6 weeks in a wheel chair and 3 months being out of action gave Stuart plenty of time to mull over his next bike project, after a tourist ran a red light trashing both Stuart and his precious Triumph Thruxton. The result of this mulling around would be a brand new BMW R nineT turning up to Gasoline Motor Co. and the birth of ‘2shot’.
Stuart had been scraping Harleys around the hairpin corners and mountain passes of Switzerland for years before making the move to Sydney. It would be here in his new sunburnt home that he could really focus and enjoy his riding. “ I kicked off with a Triumph Thruxton Ace which I had kitted out with the guys at Gasoline, she looked killer. That was until a tourist thought a red light meant ‘Go!’ and ran straight through me in the CBD. So it was back to the drawing board! I had a lot of time to think over this build, firstly I had to buy another motorcycle whilst I couldn’t walk – the irony was too much and it had to be done! So a spanking new BMW R nineT was bought and delivered unannounced to Gasoline to kick off the excitement. They already knew this build wasn’t going to be a normal one. The R nineT was my second shot at the perfect motorcycle – hence 2shot.”
The initial inspiration for this build would come from a recovery perspective, with Stuart having a goal whilst his body was on the mend. It was also a great excuse to spend time with Jason and Sean at Gasoline, with countless hours drinking beer and bouncing ideas off each other for the build. “It’s been these sessions where key decisions have been made and also knocked back. I also bizarrely wanted a difficult and lengthy build process. I figured a tricky path is often avoided, but would yield a more unique one off result.”
The bike would receive an extra dose of tech with a keyless system added, new gauges and LEDs. The bike would then be reverse engineered at Gasoline, with the body being stripped down and beaten back a few decades to be rebuilt with more retro styling and methods from Motorretro to be added to compliment the more modern changes applied by Gasoline.
It would take many minds and hands to get this bike to fulfil its destiny, and so the experts at Motorretro were called upon to add some hand-made finesse to the bike. After chatting to Jason from Gasoline on the phone, Georgio & Vaughan from Motorretro headed over to meet Stuart and the rest of the Gasoline crew. “The guys had some good, clear design direction and inspirations from previous bikes. The bike already had a beautifully crafted exhaust system added, along with many other high-end Motogadget and RSD R nineT parts. The headlight shape and design Stuart had chosen really gave me an excellent design platform. I could begin the design work to accentuate a low, long, sleek but slightly modern design – this bike was an excellent basis for us to start with.” – Vaughan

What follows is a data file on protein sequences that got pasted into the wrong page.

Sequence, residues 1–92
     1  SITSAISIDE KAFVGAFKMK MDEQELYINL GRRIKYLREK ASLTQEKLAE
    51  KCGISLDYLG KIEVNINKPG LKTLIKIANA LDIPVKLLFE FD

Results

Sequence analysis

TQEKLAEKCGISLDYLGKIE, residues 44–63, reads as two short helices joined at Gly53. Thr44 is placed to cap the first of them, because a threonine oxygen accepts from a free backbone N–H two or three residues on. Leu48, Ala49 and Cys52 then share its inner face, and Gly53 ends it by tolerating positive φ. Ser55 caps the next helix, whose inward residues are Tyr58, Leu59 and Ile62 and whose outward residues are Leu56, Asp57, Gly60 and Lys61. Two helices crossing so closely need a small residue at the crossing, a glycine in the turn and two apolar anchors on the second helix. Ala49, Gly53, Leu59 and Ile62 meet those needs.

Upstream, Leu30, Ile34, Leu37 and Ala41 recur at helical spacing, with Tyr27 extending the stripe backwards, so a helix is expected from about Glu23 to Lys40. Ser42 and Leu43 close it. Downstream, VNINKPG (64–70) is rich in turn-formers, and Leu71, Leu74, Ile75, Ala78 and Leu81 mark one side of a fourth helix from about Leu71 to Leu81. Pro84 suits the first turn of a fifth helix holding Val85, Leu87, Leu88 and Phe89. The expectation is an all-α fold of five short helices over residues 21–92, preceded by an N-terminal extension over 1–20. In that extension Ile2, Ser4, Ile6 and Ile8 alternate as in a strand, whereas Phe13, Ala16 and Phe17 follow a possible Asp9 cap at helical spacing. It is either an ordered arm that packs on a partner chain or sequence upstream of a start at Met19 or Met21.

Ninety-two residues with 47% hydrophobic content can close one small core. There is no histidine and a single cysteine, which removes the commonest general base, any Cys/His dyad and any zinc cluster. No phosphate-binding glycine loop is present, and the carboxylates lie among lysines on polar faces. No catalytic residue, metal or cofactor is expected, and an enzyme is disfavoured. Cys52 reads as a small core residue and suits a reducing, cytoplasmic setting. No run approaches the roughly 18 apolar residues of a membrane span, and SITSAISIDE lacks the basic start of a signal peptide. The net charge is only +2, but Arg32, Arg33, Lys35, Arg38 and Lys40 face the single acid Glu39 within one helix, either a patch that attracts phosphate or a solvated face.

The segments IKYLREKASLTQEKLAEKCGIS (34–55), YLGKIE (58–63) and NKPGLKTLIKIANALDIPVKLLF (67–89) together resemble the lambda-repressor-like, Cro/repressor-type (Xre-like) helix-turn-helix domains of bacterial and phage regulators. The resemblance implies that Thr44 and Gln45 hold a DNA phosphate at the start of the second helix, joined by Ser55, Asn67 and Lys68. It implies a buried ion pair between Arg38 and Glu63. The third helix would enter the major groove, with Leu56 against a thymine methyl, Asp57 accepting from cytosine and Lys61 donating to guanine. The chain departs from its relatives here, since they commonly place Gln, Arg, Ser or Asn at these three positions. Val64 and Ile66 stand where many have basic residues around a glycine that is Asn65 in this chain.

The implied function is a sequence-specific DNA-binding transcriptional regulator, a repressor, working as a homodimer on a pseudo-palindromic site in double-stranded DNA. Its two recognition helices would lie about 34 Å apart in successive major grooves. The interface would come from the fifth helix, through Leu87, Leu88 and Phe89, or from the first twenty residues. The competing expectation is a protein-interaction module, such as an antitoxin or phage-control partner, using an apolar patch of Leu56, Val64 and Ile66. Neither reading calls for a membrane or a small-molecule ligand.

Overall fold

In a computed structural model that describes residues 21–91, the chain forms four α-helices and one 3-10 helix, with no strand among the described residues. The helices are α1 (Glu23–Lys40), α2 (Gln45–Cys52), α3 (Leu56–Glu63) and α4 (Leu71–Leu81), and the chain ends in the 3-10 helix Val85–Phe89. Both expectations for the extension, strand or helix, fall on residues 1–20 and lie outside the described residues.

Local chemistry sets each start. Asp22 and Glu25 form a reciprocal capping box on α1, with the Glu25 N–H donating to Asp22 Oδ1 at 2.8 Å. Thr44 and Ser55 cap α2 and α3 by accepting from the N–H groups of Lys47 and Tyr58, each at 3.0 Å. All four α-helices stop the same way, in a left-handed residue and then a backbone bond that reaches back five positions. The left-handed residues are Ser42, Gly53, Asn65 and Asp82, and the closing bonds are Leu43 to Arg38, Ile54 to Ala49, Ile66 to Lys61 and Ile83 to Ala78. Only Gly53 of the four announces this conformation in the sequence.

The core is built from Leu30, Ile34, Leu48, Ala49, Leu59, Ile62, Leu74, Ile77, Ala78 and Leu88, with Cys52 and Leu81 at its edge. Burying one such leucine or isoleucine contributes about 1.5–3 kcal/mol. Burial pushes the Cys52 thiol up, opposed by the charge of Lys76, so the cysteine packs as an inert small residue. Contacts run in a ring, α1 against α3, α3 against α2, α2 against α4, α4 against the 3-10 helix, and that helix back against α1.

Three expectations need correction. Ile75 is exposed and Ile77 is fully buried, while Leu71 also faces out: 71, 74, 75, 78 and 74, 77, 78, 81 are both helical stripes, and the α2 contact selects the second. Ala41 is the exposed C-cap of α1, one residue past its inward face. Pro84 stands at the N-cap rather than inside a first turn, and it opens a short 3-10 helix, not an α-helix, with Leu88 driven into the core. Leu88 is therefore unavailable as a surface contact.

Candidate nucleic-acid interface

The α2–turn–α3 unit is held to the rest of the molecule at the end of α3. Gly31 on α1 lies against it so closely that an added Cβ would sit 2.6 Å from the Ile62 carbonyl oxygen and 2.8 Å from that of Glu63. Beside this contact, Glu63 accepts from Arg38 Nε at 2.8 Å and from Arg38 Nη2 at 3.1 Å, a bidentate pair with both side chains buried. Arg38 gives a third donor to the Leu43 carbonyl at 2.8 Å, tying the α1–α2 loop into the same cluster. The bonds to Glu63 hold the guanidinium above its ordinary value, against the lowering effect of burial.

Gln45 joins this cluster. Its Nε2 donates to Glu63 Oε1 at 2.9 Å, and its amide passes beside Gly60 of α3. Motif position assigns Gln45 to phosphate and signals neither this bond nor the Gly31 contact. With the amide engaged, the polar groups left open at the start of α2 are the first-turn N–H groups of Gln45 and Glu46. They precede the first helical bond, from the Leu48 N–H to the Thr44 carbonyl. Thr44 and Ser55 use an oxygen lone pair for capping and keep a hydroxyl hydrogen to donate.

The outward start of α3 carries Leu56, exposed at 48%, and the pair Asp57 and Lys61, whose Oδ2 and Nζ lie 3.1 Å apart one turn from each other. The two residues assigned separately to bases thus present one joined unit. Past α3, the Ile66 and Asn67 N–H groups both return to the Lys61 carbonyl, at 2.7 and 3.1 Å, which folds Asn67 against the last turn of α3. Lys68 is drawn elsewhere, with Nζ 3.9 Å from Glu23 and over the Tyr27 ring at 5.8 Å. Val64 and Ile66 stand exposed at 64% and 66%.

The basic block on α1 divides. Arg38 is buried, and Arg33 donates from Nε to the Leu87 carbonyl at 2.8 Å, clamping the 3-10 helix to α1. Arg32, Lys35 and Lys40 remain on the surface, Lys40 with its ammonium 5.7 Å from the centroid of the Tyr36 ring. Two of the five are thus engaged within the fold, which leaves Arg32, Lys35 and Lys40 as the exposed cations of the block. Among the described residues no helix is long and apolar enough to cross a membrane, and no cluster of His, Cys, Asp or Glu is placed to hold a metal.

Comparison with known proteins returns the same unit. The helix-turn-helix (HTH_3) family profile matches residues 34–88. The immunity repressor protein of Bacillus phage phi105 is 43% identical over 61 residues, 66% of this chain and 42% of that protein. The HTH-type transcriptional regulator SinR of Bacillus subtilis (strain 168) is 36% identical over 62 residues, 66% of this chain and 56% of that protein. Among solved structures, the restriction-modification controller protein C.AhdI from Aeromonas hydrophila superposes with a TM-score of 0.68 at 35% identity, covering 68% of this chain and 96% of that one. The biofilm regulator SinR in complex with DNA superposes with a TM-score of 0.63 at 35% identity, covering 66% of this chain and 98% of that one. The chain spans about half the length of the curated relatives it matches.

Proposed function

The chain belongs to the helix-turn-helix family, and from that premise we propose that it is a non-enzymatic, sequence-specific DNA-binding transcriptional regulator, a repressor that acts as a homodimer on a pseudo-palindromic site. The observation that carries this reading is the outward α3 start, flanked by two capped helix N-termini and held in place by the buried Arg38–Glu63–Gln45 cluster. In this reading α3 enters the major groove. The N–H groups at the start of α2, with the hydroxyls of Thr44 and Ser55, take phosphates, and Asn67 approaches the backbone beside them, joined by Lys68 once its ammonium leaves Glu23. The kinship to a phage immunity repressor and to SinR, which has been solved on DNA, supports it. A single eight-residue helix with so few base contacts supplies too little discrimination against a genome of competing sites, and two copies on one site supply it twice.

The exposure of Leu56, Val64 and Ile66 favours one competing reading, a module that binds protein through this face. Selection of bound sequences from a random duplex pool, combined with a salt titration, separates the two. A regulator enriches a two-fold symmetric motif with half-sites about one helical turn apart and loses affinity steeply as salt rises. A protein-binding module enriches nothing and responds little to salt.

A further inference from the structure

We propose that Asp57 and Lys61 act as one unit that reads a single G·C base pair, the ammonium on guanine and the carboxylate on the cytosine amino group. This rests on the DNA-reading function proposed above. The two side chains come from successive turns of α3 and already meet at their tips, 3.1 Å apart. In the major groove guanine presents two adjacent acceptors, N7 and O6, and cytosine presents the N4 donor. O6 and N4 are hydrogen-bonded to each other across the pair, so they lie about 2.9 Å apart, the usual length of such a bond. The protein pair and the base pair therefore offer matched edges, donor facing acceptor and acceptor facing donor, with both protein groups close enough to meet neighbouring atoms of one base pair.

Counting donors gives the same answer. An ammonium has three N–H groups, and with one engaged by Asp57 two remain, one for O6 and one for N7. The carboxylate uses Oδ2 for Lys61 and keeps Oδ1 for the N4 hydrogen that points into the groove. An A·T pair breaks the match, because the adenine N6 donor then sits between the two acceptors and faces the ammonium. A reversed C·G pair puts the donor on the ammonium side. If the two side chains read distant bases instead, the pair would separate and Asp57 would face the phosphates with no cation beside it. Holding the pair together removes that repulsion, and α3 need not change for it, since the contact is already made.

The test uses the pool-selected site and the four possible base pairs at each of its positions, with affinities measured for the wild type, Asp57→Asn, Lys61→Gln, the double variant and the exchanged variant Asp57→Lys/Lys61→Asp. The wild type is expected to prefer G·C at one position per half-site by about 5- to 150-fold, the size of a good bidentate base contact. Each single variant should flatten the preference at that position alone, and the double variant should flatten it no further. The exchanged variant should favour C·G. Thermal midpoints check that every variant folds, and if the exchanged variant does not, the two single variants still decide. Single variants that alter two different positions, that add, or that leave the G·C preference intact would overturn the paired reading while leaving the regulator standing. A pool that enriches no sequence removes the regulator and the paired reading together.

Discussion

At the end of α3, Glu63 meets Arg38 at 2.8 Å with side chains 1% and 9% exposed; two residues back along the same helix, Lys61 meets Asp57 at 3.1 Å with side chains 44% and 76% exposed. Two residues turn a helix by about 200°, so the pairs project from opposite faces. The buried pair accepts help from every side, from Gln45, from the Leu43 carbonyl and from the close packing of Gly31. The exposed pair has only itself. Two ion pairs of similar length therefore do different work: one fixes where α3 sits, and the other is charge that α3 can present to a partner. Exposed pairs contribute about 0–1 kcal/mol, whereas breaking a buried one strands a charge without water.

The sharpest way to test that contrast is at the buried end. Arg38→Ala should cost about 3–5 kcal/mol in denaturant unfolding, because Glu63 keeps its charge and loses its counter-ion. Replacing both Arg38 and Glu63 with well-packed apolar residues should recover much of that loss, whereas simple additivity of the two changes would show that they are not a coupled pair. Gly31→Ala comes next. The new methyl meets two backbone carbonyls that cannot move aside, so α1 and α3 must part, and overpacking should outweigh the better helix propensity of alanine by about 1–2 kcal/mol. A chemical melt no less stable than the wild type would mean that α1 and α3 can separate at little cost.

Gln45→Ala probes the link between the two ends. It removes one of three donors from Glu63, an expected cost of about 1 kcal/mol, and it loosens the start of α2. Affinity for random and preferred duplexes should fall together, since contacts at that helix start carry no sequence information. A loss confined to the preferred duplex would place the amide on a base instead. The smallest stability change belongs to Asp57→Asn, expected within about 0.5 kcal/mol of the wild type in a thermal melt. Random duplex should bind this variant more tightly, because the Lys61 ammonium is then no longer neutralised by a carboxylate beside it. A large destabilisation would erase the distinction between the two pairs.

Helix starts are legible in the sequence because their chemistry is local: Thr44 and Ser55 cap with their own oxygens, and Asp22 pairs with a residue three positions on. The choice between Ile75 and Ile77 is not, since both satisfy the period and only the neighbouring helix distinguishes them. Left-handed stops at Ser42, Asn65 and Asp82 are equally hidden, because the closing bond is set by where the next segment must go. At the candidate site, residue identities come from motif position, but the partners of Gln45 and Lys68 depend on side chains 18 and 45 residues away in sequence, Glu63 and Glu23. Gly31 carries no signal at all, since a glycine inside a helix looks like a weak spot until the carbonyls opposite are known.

From here, Vaughan and Georgio got to work drawing two slightly different design sketches based off the previous meetings and Stuart’s portfolio of inspirations. After agreeing on one of these designs, a start and completion date would also be locked in. This bike would also prove to be the first professionally built bike the new Motorretro shop would complete – having previously built a R nineT with Deus after hours whilst Georgio and Vaughan were working as TAFE teachers.
Form and function can be two separate disciplines for some custom builds, but for Motorretro; form dictates function. The bike must be able to do its job first, and then the aesthetics can be pushed. The team strived to make this a bike that is masculine with an aggressive stance whilst accentuating its elegant lines and features that were already present. “We set the position of the headlight by making the mounting brackets, and then made the wire forming buck with a screen that could be taken of and off the bike. We did the same for the rear as well, and throughout the entire process Stuart and the guys from Gasoline regularly worked with us to tweak the design until it was right.”
The surface finish on this bike was a very specific requirement for Stuart, wanting a very gritty industrial finish on all the parts that Motorretro made. “In fact, we suggested we drag it behind a car for a while, so we staged a shot of the take being dragged behind Georgio’s car!” It would end up being a difficult surface finish for Motorretro to do, as they generally do jobs on cars and bikes that are to be polished or have high gloss paint finish. All the surfaces on this bike were to be roughed up by a course cut file blade in random directions, adding the gritty look that Stuart was after to the sleek steel surface.
The finishing touches would now be added back over at Gasoline, including a perforated hand made black leather seat for the custom alloy seat pan. The fuel cap was designed and milled in-house at Gasoline, and a custom smoke tinted impact resistant Perspex windshield would compliment the sleek, industrial fairing. The final product is a masterwork. It’s an amalgamation of skill, creativity and passion from many minds and many hands. A shining example of the work achievable from both Gasoline Motor Co. and Motorretro – and proof that Stuart can come up with some good ideas whilst sitting on his arse for so long. “It’s a bike that fits me like a glove. It’s so balanced; the flat twin looks huge and a bit menacing but is very easy to ride. It’s real light and flickable, like an Uzi. Just point and spray! And you’ve gotta it hear it! It’s like a hibernating bear you don’t want to get too close to!”